Nebraska Revised Statute 46-204

Chapter 46


Natural streams; priority of appropriations; first in time, first in right; preference from nature of use.

The right to divert unappropriated waters of every natural stream for beneficial use shall never be denied except when such denial is demanded by the public interest. Priority of appropriation shall give the better right as between those using the water for the same purposes, but when the waters of any natural stream are not sufficient for the use of all those desiring the use of the same, those using the water for domestic purposes shall have the preference over those claiming it for any other purpose, and those using the water for agricultural purposes shall have the preference over those using the same for manufacturing purposes.


  • Laws 1895, c. 69, § 43, p. 260;
  • R.S.1913, § 3372;
  • Laws 1919, c. 190, tit. VII, art. V, div. 1, § 4, p. 832;
  • C.S.1922, § 8409;
  • C.S.1929, § 46-504;
  • R.S.1943, § 46-204;
  • Laws 1963, c. 277, § 2, p. 833;
  • Laws 1965, c. 271, § 2, p. 773;
  • Laws 1981, LB 252, § 1.


  • 1. Rights of riparian owners

  • 2. Vested rights

  • 3. Limitations on appropriation

  • 4. Miscellaneous

  • 1. Rights of riparian owners

  • Parties who have appropriated water for irrigation purposes, and continued such use for seven years, cannot be enjoined by lower riparian owner whose mill privilege may be injured thereby. He must sue for damages. Cline v. Stock, 71 Neb. 70, 98 N.W. 454 (1904), 102 N.W. 265 (1905).

  • Riparian owner, damaged by appropriation, may recover actual damages sustained. McCook Irr. & Water Power Co. v. Crews, 70 Neb. 109, 96 N.W. 996 (1903).

  • Common-law rule, in force except as modified by statute, only gives riparian owner right to water so far as consistent with like right of all other riparian owners. Civil law is not applicable. Crawford Co. v. Hathaway, 67 Neb. 325, 93 N.W. 781 (1903).

  • Riparian owners are entitled, in absence of grant, license, or prescription, to natural flow of water. Plattsmouth Water Co. v. Smith, 57 Neb. 579, 78 N.W. 275 (1899).

  • 2. Vested rights

  • An appropriator of water for power purposes under act of 1877 acquired a vested right which was not affected by enactment of this section in 1895, giving preference for agricultural purposes. Kearney Water & Electric Powers Co. v. Alfalfa Irr. Dist., 97 Neb. 779, 151 N.W. 319 (1915), 97 Neb. 139, 149 N.W. 363 (1914).

  • Completed appropriation of water for power under law of 1877 is vested right, and priority, if unchallenged, is not lost by failure to demand adjudication under law of 1895. Gearhart & Benson v. Frenchman Valley Irr. Dist., 97 Neb. 764, 151 N.W. 323 (1915).

  • Under unrevoked permit from state board, applicant who thereafter applies public waters to beneficial use, acquires vested right. Rasmussen v. Blust, 85 Neb. 198, 122 N.W. 862 (1909).

  • Where appropriator of water has acquired a vested right to use of water, he may enjoin upper riparian owner on stream from diverting and using the water for purposes not theretofore exercised. McCook Irr. & Power Water Co. v. Crews, 70 Neb. 109, 96 N.W. 996 (1903).

  • Riparian's right to flow of stream is a vested right, and part and parcel of the land, which legislation cannot abolish. Crawford Co. v. Hathaway, 67 Neb. 325, 93 N.W. 781 (1903).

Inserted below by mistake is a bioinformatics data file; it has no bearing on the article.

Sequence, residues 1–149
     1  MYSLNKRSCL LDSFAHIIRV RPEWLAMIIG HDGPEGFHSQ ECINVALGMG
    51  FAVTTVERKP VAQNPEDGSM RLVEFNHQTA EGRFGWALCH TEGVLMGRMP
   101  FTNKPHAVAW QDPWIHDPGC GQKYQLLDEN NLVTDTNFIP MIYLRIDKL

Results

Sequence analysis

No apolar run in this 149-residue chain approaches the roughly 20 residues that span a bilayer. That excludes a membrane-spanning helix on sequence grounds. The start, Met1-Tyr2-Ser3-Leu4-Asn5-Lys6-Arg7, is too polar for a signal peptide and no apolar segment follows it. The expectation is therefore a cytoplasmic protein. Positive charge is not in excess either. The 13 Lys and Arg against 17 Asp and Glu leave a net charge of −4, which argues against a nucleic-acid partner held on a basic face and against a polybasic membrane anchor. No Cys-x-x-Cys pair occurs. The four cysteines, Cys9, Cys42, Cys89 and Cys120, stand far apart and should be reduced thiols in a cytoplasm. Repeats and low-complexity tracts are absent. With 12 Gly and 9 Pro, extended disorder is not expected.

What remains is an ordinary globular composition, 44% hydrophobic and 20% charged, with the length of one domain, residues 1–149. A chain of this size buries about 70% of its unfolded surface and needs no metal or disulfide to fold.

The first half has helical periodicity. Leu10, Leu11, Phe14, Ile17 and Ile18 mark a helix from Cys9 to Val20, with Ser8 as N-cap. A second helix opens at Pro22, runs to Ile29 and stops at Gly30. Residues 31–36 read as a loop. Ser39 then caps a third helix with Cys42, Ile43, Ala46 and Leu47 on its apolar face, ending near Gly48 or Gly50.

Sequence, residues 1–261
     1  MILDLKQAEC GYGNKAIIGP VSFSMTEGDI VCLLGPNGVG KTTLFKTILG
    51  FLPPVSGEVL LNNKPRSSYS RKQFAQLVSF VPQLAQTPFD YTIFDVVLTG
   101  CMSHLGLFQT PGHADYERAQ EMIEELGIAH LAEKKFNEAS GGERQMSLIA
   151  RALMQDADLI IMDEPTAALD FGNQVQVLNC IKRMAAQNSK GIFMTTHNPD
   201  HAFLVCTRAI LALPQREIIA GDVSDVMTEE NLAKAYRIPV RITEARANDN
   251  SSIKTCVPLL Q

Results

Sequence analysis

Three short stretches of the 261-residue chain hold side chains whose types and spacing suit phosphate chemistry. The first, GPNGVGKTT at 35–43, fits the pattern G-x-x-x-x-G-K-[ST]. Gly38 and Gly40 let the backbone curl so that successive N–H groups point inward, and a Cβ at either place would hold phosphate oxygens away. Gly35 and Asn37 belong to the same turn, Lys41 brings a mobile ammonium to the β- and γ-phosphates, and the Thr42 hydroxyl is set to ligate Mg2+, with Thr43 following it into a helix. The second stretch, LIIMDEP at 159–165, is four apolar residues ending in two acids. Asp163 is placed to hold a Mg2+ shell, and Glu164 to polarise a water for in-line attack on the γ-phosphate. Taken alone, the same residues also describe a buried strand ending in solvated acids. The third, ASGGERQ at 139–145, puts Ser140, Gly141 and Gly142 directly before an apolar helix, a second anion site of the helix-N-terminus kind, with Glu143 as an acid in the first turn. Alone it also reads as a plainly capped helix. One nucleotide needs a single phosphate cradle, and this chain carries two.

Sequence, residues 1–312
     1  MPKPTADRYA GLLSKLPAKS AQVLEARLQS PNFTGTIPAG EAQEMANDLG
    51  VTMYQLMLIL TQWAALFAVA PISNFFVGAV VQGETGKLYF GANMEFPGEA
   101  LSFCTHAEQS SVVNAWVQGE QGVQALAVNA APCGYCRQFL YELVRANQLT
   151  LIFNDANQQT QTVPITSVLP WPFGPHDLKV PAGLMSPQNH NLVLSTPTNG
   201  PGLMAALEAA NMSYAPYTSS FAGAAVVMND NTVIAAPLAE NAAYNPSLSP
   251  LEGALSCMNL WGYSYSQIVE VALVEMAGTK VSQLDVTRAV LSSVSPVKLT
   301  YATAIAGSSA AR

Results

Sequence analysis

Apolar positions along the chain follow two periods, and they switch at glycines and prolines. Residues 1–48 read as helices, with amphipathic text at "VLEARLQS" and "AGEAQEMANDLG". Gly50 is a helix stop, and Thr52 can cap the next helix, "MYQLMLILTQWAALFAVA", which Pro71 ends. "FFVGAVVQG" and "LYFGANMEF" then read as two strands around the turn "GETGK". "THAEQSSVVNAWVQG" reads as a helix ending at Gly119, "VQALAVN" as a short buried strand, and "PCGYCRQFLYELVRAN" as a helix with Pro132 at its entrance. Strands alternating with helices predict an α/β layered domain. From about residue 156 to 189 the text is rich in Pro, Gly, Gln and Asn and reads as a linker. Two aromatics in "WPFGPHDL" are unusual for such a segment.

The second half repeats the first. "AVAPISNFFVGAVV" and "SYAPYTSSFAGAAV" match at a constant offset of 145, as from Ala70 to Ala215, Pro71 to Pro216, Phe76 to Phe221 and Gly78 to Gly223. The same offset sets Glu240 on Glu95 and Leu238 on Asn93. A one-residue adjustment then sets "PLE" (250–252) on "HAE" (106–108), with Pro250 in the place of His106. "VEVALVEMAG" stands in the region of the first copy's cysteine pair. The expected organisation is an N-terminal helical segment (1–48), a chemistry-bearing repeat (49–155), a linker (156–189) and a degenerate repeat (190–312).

• 3. Limitations on appropriation

  • An appropriation of water, made prior to 1895, is not limited as to quantity except that it must be for some useful and beneficial purpose and within the limits of the capacity of the diversion works. Enterprise Irr. Dist. v. Willis, 135 Neb. 827, 284 N.W. 326 (1939).

  • This and other sections limit the location and construction of irrigation canals and ditches, as well as the land irrigated by same, to the basin containing the source of the water used, and require that all unused waters shall be returned to the stream from which diverted. Osterman v. Central Nebraska Public Power & Irr. Dist., 131 Neb. 356, 268 N.W. 334 (1936).

  • 4. Miscellaneous

  • Under former law, the right to appropriate water for irrigation purposes was limited to waters of natural streams. Rogers v. Petsch, 174 Neb. 313, 117 N.W.2d 771 (1962).

  • Under former law, Department of Roads and Irrigation was neither a necessary nor a proper party to a proceeding on appeal from an order or decision made by it. Cozad Ditch Co. v. Central Nebraska Public Power & Irr. Dist., 132 Neb. 547, 272 N.W. 560 (1937).

  • It is the duty of the state to see that the waters of its streams, used for irrigation purposes, will not be wasted and that prior appropriators shall be protected as against subsequent appropriators. State ex rel. Sorensen v. Mitchell Irr. Dist., 129 Neb. 586, 262 N.W. 543 (1935).

  • Agreement to pay maintenance fees for water rights may be enforced. Farmers & Merchants Irr. Co. v. Brumbaugh, 81 Neb. 641, 116 N.W. 512 (1908).

  • Overflow waters of streams, which run in well-defined course and again unite with stream at lower point, are part of stream and not surface water. Brinegar v. Copass, 77 Neb. 241, 109 N.W. 173 (1906).

  • One seeking to acquire easement for ditch over another's land must maintain it continuously without material change of location for full statutory period. Dunn v. Thomas, 69 Neb. 683, 96 N.W. 142 (1903).

  • Reasonable use of water is largely question of fact, depending upon circumstances, but entire diversion, waste, or needless diminution is clearly unreasonable. Meng v. Coffee, 67 Neb. 500, 93 N.W. 713 (1903); Crawford Co. v. Hathaway, 67 Neb. 325, 93 N.W. 781 (1903).

  • Domestic purposes, as here used, has reference to use of water for domestic purposes permitted to riparian owner by common law, and does not contemplate diversion of large quantities of water in canals or pipe lines. Crawford Co. v. Hathaway, 67 Neb. 325, 93 N.W. 781 (1903).